Is ethical living possible? What are the social and economic barriers which may prevent us from ensuring that everyone has a chance to live ‘ethically’?
Living ethically has been a longstanding part of human thought, with most of the current key ethical issues shaped by the over consumption of the worlds resources such as land, water and energy required for food production and the conflicting issues pertaining to growth in human population and food scarcity (Decker 2009, p. 579). The ethical questions of how we continue to sustain life amidst these challenges. Ethical consumption being the purchasing and consumption that is considerate of societal and animal welfare, environmental concerns and development and Fairtrade issues such as labour practices (Ariztia T, Agloni, N & Pellandini-Simanyi 2018).
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The question the essay will be exploring is who gets to choose and participate in living ethically? and can the individual when given the choice and opportunity to participate in ethical consumption make a difference? Particularly it will draw on what influences our choices and will look at the organic farming industry as a leading example of sustainable solutions. The essay will look specially at the point of view of the consumer and the discourse that emerges from history, media, societal values, religious beliefs and economic class (Thoughtco 2018). These discourses shape what we know, how we think and what we have access to. These inform our choices, which are representative of self and community identity. The essay will not be unpacking food habits pre-industrialisation/pre- globalisation but stating that choices significantly differed and were incredibly limited compared to contemporary times, nor will it unpack the ethical considerations farmers and corporate organisations should be ethically responsible for.
Sociologists have played a role in the study of food ethics by researching the role of globalisation and its significant consequences of the discourses that affect food habits within individuals and communities as these contribute to the development and sustainability of our societies. Sociologists look at societal changes by examining individual consumption choices and forming connection of moral contribution vs conscious intent (Sirian 2012). Sociologists perspectives on morality supports the understanding of consumption, who is the ethical consumer? and why do they choose what they choose? The vegetarian may choose to not eat meat, potentially based on diet and improving their health and/or the repercussion on the environment and/or an uneasiness for animal cruelty (Deckers 2009). The sociological concept referred to as ‘Mcdonaldization’ was created by American sociologists George ritzer, this notion creates an impersonal world that places significant value of efficiency,rationality, and control. Ritzer states that too much of this creates spaces that breakdown individual freedom of choice and individuality which enables people to conform to one way of being (McDonaldization 2003. This theory has been used by sociologists to explore how individual freedoms. Inshort “Mcdonaldization” theory is the opposite of ethical living. The more we consume, the more we want, regardless of how we create the products we consume.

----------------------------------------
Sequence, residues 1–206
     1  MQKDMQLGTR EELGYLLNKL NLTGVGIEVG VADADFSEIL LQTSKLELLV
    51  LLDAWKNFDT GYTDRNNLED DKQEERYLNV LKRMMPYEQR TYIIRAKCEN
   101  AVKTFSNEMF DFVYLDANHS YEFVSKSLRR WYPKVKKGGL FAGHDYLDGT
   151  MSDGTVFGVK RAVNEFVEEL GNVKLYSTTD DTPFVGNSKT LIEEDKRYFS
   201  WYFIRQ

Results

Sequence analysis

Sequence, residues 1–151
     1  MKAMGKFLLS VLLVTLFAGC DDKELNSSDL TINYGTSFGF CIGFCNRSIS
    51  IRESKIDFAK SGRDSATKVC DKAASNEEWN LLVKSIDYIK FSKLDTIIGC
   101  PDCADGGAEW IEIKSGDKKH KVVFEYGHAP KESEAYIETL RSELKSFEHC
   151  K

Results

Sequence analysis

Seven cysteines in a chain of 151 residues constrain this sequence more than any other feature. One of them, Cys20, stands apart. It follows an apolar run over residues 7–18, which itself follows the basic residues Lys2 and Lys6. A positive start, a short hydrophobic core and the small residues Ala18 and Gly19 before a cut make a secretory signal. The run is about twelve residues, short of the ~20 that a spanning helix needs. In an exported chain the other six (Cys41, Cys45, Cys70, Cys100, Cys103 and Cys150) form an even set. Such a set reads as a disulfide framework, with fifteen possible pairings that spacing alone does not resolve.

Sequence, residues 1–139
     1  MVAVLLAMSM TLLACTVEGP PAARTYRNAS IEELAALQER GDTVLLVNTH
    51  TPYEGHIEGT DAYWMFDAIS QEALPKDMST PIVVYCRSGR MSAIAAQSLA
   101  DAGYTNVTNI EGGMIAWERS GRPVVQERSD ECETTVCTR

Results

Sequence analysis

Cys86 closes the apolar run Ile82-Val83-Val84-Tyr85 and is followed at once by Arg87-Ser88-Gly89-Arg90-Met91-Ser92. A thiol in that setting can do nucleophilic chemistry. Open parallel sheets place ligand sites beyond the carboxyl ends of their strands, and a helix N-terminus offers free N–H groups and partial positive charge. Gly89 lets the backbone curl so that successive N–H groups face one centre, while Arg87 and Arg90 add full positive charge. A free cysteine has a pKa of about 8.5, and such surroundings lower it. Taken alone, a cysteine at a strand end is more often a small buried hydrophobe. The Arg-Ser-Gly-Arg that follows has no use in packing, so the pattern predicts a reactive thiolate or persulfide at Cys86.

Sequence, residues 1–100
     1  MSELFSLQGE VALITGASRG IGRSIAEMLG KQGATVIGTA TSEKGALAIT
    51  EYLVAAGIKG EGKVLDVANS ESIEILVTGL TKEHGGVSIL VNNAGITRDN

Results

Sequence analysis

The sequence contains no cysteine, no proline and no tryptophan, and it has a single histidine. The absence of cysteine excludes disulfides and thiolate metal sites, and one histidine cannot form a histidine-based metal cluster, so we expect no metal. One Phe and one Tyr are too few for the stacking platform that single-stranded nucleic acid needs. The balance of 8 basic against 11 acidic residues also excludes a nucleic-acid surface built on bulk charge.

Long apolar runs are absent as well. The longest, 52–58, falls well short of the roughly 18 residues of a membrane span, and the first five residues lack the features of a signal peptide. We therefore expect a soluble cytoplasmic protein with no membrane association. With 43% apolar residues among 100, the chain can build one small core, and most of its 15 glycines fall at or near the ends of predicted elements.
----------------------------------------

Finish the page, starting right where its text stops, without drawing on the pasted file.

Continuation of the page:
The history of ethics has its roots shaped by authoritive institutions such as religious and academic spaces in particular philosophy, who have claimed access to a divine way of being. Those who hold secular ideologies, that being non-spiritual, non-religious also fundamentally claim ethical discovery. Historical ethical mentors predominantly have been from these fields and have provided humanity with guidance on how to live (Kitcher P 2013). A range of different disciplines such as Anthropology have focused on explaining the motives, values and reasons that influence ethical consumption and the ethical consumer choice (Kitcher P 2013, p. 394). These choices and dilemma’s have stemmed from free trade policies which were created in the 70’s that supported globalisation of products by removing regulatory barriers.
Free trade increased a nation’s economic growth, this model was not based on moral decisions, as with it came cheap labour (usually by marginalised groups), unsafe working conditions and the overuse and damage of natural resources (Wilkinson 2015). Free trade has its national interests at heart, regardless of moral obligations to ‘other’. Large scale food production saw significant changes to the environment, issues of land usage such as deforestations, the contribution to greenhouse gas emissions from animal farming has surpassed global transportation emissions. These all have significant negative effects on overall global climate change (Deckers 2009). Ethical ways of living and who delivers those messages has seen a shift, growth and change over time. Celebrity chefs are one of those that deliver key messages of ethical food choices due to their large scale audiences, their messages are highly influential as they have become cultural icons specially within Western middleclass societies. Chefs partnering with larger organisations such as Coles and Woolworths provides another platform to influence. Jamie Oliver a renowned chef has utilised this space to spread notions of ethical consumerism, he motioned with Woolworths who agreed to phase out the shelving of cage eggs by 2018and also utilised television where he replicated the way male chicks are killed. Oliver mentioned that the shelves where cleared of caged eggs the morning after (Lewis & Huber 2015) There is an assumption that marketing and television provides information that will stimulate ‘better’ choices. “We imitate what we see in real life and on screen and that’s where we take our social cues from” (Joy 2012, p.88) Using media as a vehicle to inspire ethical living such as “good planet media” whose simple idea of using media, film and television as a way to spread messages to influence societal norms and shift cultural thinking (Joy 2012). This is a great way to inform and provide access to education across social and economic barriers. Gone are the days when deciding what food to eat was based only on local resources, choice now comes with a whole array of new questions, options and ethical food dilemmas.